Sol Pais, 18, is believed to be in Jefferson County area and has been “attempting to buy firearms,” police say
Source: Jackson Barnett
Officials secured schools across the Denver area Tuesday as the FBI and local police hunted for a woman “infatuated with (the) Columbine school shooting” who had traveled to Colorado the night before, made threats and was considered armed and “extremely dangerous.”
Sol Pais, 18, who has family in Florida, was believed to be in the Denver-Littleton area and “attempting to buy firearms” Tuesday, the FBI said in an alert distributed to police agencies in Colorado.
Authorities confirmed it was her presence that triggered lockouts — outer doors are bolted, but classes continue as normal — first at Columbine High School and more than 20 other Jefferson County institutions, then dozens of other schools across the wider metro area.
The threats came just four days before the 20th anniversary of the Columbine massacre, during which two students shot and killed 12 of their classmates and a teacher.
Following the initial precautions at Columbine and elsewhere in Jefferson County, the Colorado Department of Education recommended all Denver-metro schools immediately conduct lockouts Tuesday afternoon and perform controlled releases of students.
Districts in Denver, Douglas County, Adams County and elsewhere placed some or all of their schools on lockout for the remainder of the afternoon. Schools across the metro area had additional police on hand when students were released, and some, like those in Adams County School District 14, did not allow students who normally walk home to do so.
Pais was last seen in the Jefferson County foothills Monday night — and not Tuesday morning, as authorities initially had reported.
“Last night, Sol Pais traveled to Colorado and made threats in the Denver metropolitan area,” Jefferson County sheriff’s officials wrote on Facebook. “She is armed and considered to be extremely dangerous.”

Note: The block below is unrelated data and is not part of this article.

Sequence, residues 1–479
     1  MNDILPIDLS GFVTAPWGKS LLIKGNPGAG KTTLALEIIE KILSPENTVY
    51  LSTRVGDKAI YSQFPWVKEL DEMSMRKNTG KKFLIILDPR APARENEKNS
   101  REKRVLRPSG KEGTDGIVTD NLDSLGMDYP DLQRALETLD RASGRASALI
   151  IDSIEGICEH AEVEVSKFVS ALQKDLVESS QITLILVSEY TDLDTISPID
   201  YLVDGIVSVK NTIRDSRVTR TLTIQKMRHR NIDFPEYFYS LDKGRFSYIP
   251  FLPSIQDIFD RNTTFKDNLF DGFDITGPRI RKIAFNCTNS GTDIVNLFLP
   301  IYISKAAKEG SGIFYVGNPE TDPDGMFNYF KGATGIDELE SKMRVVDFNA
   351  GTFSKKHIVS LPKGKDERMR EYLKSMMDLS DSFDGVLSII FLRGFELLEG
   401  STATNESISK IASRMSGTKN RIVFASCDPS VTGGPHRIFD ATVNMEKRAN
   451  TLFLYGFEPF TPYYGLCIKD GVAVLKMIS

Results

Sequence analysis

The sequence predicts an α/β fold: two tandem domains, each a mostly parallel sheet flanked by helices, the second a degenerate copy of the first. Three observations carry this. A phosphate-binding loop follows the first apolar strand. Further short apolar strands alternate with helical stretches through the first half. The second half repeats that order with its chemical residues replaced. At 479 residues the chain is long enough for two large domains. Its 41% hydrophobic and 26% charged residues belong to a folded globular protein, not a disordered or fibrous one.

A call to Pais’s parents in Surfside, Florida, on Tuesday afternoon was interrupted by a man who identified himself as an FBI agent who said he was interviewing them.
Pais is described as a white female, approximately 5-foot 5-inches tall, with brown hair. Sheriff’s officials said she was last seen wearing a black T-shirt, camouflage pants and black boots.
Anyone who sees her is asked to call 911.
A bulletin sent to local police said authorities do not have probable cause to arrest Pais, but that she should be detained for a mental-health evaluation.
“Really makes you think”
Mike Taplin a spokesman for the Jefferson County Sheriff’s Office, said about two dozen schools, including Columbine, were placed on lockout around 11 a.m. after the FBI notified Jeffco officials of their investigation into Pais.
The lockout — less serious than a lockdown, when teachers and students barricade themselves — was requested by law enforcement while police searched for a “suspicious person” in the area, Jeffco Public Schools spokeswoman Diana Wilson said.
Sheriff’s officials initially said only that they were investigating “what appears to be a credible threat possibly involving the schools.”
There was “no threat to a specific school,” Taplin said.
Jefferson County schools and those across the Denver area let their students out as planned, but with additional security and police on site.
Ysenia Contreras has four kids at Beach Court Elementary School in Sunnyside.
“I’m worried,” she said while picking them up from school Tuesday. “It really makes you think about school safety”
In Jeffco, afterschool activities were canceled at Columbine, but not other schools.
Schools will determine whether they need increased security Wednesday, Taplin said.
At Columbine, junior David Eaton said he was sitting in math class when the principal announced over the loudspeaker that the school was going to be going on lockout.
“My concern was I was in my math class for the second time during a lockout,” he said, referring to a threat in December that prompted Columbine to go on a more serious lockdown.
Teachers told students the lockout was due to police activity in the area, Easton said. He didn’t think it was an immediate threat.
“I feel like if it was a shooting, I would have heard about it sooner,” he said. “Everyone’s OK — that’s a good thing.”
Stevie Spahn, a freshman at Columbine, said “it really was just another normal day, nothing different.”
In December, an anonymous caller claimed bombs had been planted inside Columbine High School. The threat, which was found to be a hoax, triggered an aggressive police response to ensure there was no danger to students at the school and more than 20 other Jeffco schools that were placed on lockout.
The current threat comes just days before the 20th anniversary of the Columbine school shooting. Since the shooting. Colorado schools have seen an increase in lockdowns as threats have increased, Denver Post reporting found.
Denver Post Staff Writer Sam Tabachnik contributed to this report.